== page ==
Home Business Ad Hoc Appeals Committee Directs Reinstatement of Licenses for Private Security Firms

Ad Hoc Appeals Committee Directs Reinstatement of Licenses for Private Security Firms

Ad Hoc Appeals Committee Directs Reinstatement of Licenses for Private Security Firms

by Kwabe Ben
private security

The Ad Hoc Appeals Committee of the Ministry of Interior and National Administration has instructed the Private Security Regulatory Authority (PSRA) to reinstate the licenses of nine private security firms. PSRA had previously revoked their licenses citing non-compliance with minimum wage requirements and other infractions.

The Protective and Safety Association of Kenya (PROSAK) has hailed this decision as a significant victory for private security companies. “PSRA has consistently disregarded legal protocols and demonstrated a cavalier attitude through unauthorized directives. Adherence to the law is paramount. This ruling stands as a crucial victory for both private security guards and the affected companies,” remarked PROSAK.

According to PROSAK, thousands of private security guards, whose employment was at risk, have been safeguarded by this directive. The association had projected potential job losses ranging from 500,000 to 700,000 within the private security sector due to recent regulatory actions led by PSRA under the leadership of Fazul. These decisions were made without adequate stakeholder consultation, despite their far-reaching implications, potentially affecting half of the private security workforce.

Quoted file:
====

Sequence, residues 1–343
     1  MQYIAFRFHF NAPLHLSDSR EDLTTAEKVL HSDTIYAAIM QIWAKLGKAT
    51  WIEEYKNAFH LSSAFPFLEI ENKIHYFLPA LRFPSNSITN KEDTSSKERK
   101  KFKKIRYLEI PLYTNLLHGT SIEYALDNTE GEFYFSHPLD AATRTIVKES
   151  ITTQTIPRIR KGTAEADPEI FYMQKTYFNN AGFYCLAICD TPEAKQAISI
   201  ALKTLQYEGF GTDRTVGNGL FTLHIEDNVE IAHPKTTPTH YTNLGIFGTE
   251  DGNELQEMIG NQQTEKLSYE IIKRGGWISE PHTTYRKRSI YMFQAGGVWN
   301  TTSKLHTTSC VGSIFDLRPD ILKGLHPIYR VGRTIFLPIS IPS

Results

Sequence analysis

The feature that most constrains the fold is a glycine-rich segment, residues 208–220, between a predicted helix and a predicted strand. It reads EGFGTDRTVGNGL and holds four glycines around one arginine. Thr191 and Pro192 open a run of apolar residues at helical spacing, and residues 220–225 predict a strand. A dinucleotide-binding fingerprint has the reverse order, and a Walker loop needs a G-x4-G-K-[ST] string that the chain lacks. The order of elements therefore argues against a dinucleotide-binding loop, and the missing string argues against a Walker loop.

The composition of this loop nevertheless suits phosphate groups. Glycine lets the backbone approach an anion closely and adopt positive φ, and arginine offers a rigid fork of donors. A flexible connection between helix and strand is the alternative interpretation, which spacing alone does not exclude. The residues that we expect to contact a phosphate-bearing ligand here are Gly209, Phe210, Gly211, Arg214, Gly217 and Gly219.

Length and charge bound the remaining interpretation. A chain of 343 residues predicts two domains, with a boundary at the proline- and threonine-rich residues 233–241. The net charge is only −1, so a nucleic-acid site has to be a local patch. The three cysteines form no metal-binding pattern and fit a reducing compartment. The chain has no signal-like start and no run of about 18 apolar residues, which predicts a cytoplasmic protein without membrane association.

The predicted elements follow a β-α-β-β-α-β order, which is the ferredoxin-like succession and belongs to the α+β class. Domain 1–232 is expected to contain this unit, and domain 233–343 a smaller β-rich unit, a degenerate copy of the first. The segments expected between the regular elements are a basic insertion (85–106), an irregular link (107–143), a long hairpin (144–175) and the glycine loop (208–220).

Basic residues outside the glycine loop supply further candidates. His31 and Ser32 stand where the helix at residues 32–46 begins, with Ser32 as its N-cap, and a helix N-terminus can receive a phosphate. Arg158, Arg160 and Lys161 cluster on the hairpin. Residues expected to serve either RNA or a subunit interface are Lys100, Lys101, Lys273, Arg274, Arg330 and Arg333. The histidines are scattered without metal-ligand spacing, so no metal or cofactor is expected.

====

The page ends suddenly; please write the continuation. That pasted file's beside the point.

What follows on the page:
In an order dated March 8, 2024, the Appeals Committee granted the appeals of the nine companies, namely Hipora Security Solutions Limited, Senaca East Africa Limited, Superb Marketing Solutions Limited, Salama Fikira International (Kenya) Limited, Bedrock Security Alarms Systems and Product Limited, Bedrock Security Services Limited, Victory Protective Services Africa Limited, Victory Consultants Limited, and Marco Security Limited.

Moreover, the Appeals Committee invalidated Legal Notice NO. PSRA/001/2024 issued by the regulator, asserting the nullity of PSRA’s decision regarding the minimum wage increase for security guards. “The Legal Notice NO. PSRA/001/2024 dated February 5, 2024, is hereby rescinded, and the revoked certificates of registration are reinstated,” declared the ruling of the Appeals Committee.

Any adjustments in wages must undergo proper gazetting procedures by Labour CS Florence Bore, as stipulated under the Employment Act No. 11 of 2007. CS Bore had previously disclaimed PSRA’s unauthorized directive mandating private security firms to pay guards a minimum salary of Sh30,000.

The committee has instructed all involved parties to withdraw any pending court cases related to the matter, a directive which will be adhered to.

PROSAK has consistently argued that PSRA’s license revocations were executed without due adherence to the prescribed procedures outlined in the PSRA Act Articles 32 and 43, which mandate prior notice and avenues for appeal before such drastic measures are taken.

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